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Afghani children killed by Australian diggers -

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Afghani children killed by Australian diggers

The World Today - Friday, 13 February , 2009 12:35:00

Reporter: Alexandra Kirk

BRENDAN TREMBATH: The Australian Defence Force may end up paying compensation to the families of
the five Afghani children killed by Australian soldiers in southern Afghanistan yesterday.

The soldiers were in Oruzgan province. They say they were fired on by Taliban insurgents. The
casualties occurred when the soldiers returned fire. An investigation has begun.

The Defence Minister Joel Fitzgibbon spoke to Alexandra Kirk.

JOEL FITZGIBBON: Of course I find the whole incident very, very distressing and of course
profoundly regrettable but I know that our troops always operate within their rules of engagement
and in conformity with international law. And I've got no reason to doubt they were doing just that
on this occasion.

We are operating in a very complex environment. Counter-insurgency campaigns have been within
communities and the reality is, not to suggest that it was necessarily the case on this occasion,
the reality is that the Taliban and other insurgents are known to deliberately use civilians as
human shields.

ALEXANDRA KIRK: Do you believe that's the case this time around?

JOEL FITZGIBBON: I don't know whether that's the case. There will of course be an investigation.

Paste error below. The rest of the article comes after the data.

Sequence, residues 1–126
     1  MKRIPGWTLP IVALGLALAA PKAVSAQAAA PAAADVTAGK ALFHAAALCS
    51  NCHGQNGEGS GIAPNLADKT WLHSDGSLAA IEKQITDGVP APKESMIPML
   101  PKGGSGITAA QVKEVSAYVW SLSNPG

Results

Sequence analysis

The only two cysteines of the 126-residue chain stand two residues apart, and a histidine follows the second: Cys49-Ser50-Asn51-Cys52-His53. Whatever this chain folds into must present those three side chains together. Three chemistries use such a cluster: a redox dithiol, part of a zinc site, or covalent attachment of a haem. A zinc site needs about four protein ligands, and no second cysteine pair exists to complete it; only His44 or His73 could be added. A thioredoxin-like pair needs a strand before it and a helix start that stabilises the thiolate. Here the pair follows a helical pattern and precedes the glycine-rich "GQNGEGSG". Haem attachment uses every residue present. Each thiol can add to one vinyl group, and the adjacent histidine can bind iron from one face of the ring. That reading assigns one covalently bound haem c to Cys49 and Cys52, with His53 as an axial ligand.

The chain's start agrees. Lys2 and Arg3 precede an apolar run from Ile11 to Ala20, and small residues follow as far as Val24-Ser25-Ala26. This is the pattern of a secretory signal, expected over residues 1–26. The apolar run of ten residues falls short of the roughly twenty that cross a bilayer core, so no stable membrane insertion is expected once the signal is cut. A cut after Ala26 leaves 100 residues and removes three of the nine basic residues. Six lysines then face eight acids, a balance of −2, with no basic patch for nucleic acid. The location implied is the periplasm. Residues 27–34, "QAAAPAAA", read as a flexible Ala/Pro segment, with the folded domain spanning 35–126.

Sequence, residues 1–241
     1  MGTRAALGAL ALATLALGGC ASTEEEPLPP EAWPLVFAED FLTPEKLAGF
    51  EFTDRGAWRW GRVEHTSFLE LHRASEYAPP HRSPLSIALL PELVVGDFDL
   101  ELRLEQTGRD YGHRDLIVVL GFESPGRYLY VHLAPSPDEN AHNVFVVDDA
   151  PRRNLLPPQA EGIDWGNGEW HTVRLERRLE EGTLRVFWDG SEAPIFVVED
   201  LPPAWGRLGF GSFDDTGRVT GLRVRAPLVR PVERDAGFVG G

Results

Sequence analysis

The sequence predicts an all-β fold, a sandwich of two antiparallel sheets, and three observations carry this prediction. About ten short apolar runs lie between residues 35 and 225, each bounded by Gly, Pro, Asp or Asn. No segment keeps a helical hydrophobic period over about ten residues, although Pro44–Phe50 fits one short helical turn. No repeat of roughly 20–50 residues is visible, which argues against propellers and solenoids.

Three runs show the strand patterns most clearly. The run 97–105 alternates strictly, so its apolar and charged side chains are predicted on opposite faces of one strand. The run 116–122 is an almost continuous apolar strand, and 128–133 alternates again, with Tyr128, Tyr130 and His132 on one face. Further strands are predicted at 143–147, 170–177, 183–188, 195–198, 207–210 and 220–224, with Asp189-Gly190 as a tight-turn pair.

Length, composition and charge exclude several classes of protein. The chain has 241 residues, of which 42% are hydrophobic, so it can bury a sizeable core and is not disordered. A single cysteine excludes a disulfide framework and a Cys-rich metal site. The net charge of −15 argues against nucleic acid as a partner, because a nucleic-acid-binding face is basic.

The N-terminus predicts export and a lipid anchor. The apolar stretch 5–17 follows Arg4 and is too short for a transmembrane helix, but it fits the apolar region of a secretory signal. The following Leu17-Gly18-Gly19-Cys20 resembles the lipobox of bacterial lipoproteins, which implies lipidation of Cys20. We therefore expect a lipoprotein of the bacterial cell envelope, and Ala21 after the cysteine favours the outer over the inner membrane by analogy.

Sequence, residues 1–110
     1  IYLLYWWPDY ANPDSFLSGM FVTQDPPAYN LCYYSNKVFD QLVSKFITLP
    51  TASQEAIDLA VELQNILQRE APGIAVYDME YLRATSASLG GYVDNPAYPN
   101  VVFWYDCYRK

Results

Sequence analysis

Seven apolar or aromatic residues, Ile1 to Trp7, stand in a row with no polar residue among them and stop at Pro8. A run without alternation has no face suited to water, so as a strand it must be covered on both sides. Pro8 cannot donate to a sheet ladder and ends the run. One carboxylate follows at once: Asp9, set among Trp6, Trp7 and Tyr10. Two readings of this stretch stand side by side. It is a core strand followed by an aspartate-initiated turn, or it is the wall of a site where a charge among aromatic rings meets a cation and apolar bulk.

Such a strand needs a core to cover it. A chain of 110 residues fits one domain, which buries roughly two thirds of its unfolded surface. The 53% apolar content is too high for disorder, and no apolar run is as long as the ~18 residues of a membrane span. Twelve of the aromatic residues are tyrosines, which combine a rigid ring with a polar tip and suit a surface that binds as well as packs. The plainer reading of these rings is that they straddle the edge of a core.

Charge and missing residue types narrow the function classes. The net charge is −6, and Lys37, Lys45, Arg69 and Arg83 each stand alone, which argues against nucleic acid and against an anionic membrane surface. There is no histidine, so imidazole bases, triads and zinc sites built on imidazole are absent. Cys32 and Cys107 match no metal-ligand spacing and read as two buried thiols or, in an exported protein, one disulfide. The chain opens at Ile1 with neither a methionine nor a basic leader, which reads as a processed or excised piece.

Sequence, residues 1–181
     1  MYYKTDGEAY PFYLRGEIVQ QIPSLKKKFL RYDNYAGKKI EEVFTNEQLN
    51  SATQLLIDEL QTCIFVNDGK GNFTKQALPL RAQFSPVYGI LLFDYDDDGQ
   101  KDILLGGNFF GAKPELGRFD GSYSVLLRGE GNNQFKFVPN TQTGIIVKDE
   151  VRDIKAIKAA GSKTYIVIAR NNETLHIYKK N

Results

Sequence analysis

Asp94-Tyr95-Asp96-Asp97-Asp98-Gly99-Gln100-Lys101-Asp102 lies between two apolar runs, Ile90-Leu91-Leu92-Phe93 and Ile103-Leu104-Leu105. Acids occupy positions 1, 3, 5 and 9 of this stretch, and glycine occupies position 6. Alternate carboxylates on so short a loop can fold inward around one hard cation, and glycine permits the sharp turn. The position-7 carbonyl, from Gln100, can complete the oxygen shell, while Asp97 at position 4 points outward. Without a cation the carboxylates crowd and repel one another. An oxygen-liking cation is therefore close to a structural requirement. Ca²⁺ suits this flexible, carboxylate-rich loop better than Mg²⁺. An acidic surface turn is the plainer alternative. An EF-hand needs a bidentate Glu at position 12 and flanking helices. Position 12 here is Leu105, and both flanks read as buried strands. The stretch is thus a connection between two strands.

Defence has rightly expressed its regret. I express regret on behalf of the Government. But again I
know our people well and I know that they always act with great care and within their rules of

ALEXANDRA KIRK: Do you expect Australia to offer compensation to these families?

JOEL FITZGIBBON: Compensation is often appropriate in these cases. We won't know how appropriate in
this particular occasion till we've had an investigation.

I also today am thinking about our own people who are out there doing important and very dangerous
work in difficult circumstances and they naturally I would have thought would be affected by this

ALEXANDRA KIRK: Do you think that these deaths and woundings were in any way avoidable?

JOEL FITZGIBBON: We are working in a very complex counter-insurgency environment, raiding
compounds. Our people were under heavy fire. It would be easy I think for your listeners to imagine
those circumstances.

I can only say that I have an overwhelming confidence that our people always act cautiously,
responsibly, completely in conformity with their rules of engagement and completely in keeping with
their obligations under international law.

ALEXANDRA KIRK: There has been a recognition that there is a need to win the hearts and minds of
the local Afghan population. Will this set that battle back?

JOEL FITZGIBBON: Winning the hearts and minds of the population is of course an important part of
the formula for better success in Afghanistan and of course, instances like this don't help us in
this cause. But often they are unavoidable when you are operating in complex environments, under
heavy fire, within communities and often against an enemy who don't have the same regard for human
life as do we.

Compensation might be appropriate in order to ensure that we make better progress in our
relationship with the communities and not go backwards in those relationships.

ALEXANDRA KIRK: Have you offered your personal apology?

JOEL FITZGIBBON: Well I've not had the opportunity to offer them a personal apology. I don't know
to whom I would make that apology until we have a clearer picture of the incident. But of course I
would have no reluctance in offering a personal apology to anyone who's been affected.

And again my thoughts are also with our own soldiers who of course have themselves gone through
what is a very, very bad and tragic experience.

BRENDAN TREMBATH: The Defence Minister Joel Fitzgibbon speaking to Alexandra Kirk.